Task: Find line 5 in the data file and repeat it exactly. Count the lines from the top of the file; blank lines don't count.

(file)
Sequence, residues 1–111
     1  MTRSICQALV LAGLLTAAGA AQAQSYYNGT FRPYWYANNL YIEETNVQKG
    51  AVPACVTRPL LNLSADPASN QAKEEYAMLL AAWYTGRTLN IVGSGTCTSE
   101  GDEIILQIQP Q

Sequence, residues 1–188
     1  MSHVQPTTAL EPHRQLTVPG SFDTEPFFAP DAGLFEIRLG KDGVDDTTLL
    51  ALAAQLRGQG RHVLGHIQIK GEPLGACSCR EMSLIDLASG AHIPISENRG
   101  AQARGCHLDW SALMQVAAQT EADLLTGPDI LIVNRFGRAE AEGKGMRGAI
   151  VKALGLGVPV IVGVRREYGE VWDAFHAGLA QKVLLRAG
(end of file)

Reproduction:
Sequence, residues 1–188